Keith warns against using current slang in teen fiction, pointing out that it quickly falls out of fashion. “You can still write decent dialogue without using it,” he says, then adds with a mischievous grin, “Swear words never age.”
Although Keith does not like to research for his novels, finding that it gets in the way of the story, he does admit that to make his dialogue convincing he is “always switched on” during school visits. “I listen to the way kids talk, watch how they interact and see how they use language. That’s my research.”
School visits are a mutually beneficial experience. In return for the soaking up the speech patterns of young people, Keith inspires them with his love of reading.
“Reading a good book is the greatest pleasure I’ve ever come across. People who read books are cleverer, wittier, more open minded and downright nicer than people who don’t. ” And he certainly knows how to make books sound appealing to today’s gadget guzzling youngsters. “A book is an incredible piece of technology. It’s like a little solid block of virtual reality.”
Keith is also keen to get more young people involved with creative writing. “A lot of school is aimed at passing exams. Sometimes people forget to tell the kids that writing is just an incredible, cathartic, pleasurable experience. I’ve worked with young offenders and I get them to create an imaginary character and to write a story using that character to describe their own lives and themselves. It can be a really liberating thing to do.” No sooner has Keith uttered these words than he claps his hand over his mouth and apologises for sounding pretentious. I assure him that only his infectious enthusiasm for writing is coming across. You can get a dose of this yourself in the five podcasts that make up his Creative Writing Masterclass at the Scottish Book Trust website.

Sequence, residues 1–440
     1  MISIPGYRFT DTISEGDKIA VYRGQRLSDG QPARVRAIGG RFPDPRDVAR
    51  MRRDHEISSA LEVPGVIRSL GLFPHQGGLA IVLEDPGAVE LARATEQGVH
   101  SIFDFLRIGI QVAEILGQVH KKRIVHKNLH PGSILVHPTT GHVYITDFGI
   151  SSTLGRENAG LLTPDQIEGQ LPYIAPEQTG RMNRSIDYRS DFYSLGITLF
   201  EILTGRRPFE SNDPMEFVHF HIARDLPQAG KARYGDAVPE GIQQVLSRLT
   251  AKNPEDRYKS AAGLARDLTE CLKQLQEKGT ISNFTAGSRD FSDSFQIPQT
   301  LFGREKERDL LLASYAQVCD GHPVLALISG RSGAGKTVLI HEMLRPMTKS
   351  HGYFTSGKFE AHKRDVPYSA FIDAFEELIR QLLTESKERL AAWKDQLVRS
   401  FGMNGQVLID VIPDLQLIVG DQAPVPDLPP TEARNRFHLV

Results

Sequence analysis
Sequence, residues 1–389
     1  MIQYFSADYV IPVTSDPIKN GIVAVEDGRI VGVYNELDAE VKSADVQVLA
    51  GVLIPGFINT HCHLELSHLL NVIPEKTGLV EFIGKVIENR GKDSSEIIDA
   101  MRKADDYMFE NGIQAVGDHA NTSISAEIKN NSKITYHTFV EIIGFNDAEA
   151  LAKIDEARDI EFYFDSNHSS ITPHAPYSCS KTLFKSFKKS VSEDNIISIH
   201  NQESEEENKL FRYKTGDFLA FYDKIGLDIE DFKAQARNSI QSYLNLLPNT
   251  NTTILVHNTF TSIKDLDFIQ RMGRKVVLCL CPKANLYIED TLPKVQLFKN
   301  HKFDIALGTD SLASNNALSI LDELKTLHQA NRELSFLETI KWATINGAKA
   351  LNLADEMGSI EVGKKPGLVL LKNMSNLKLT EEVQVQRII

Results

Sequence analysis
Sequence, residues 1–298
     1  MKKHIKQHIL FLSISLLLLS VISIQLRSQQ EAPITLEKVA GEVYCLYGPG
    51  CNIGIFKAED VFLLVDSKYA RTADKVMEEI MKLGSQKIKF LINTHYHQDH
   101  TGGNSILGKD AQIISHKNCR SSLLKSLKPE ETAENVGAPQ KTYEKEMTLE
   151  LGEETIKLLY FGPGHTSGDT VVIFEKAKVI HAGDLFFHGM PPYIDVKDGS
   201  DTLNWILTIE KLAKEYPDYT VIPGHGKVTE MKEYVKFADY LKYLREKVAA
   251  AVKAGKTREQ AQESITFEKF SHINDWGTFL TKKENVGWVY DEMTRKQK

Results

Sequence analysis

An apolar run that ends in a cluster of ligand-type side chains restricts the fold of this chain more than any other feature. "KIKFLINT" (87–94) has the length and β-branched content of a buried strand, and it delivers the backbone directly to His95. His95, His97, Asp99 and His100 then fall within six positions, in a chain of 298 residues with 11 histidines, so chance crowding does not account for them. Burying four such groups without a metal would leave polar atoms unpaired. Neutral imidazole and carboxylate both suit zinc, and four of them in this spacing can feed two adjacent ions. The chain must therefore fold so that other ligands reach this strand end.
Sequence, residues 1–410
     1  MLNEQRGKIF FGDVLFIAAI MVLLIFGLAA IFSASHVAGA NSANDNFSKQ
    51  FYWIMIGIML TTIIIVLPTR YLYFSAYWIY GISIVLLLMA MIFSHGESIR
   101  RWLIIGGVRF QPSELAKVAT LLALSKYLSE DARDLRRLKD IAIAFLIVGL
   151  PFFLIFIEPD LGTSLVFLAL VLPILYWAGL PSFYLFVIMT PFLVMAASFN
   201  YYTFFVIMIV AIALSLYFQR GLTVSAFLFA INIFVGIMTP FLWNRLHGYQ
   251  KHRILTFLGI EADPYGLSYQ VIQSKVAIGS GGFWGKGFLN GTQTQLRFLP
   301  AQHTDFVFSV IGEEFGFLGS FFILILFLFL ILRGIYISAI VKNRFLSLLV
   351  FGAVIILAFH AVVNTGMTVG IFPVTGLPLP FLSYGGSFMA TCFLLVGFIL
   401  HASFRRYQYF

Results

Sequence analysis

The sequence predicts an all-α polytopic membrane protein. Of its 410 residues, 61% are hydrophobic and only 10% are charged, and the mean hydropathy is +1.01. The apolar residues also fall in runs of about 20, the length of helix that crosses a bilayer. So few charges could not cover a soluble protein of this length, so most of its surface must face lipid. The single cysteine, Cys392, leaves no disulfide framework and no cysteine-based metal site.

I ask Keith if he can offer any tips for adults who would like to write for a teenage audience. “If you want to write for young adults, you need to read some of the best writers out there for young people at the moment.” Keith reels off a few examples: “Kevin Brooks, Robert Cormier, Siobhan Dowd – she’s fantastic. There are also some really appalling books for teenagers out there, but I won’t name any names. You have to read everything to let you know what’s good and what’s not so good.”
As for the actual writing, Keith’s advice is to “put story first. Young people don’t want morals and they don’t want to be preached at. They do want a damn good story.”
Point of view is crucial. “Don’t write hindsight fiction. Don’t be an adult looking back, be a teenager looking forward. When I write for young adults, I’m standing side by side with the teenager, looking forward.” In Ostrich Boys, the three main characters are looking forward into a future without their best friend in it. It is a crushing loss to come to terms with but they discover that life still has much to offer them. “Blake, Kenny and Sim are having an adventure and Ross is going to miss out. That’s my message with the book.”
Ostrich Boys is available to buy in bookshops and at Amazon.
Ostrich Boys was shortlisted for the 2009 Carnegie Medal and is on the shortlist for the Booktrust Teenage Prize.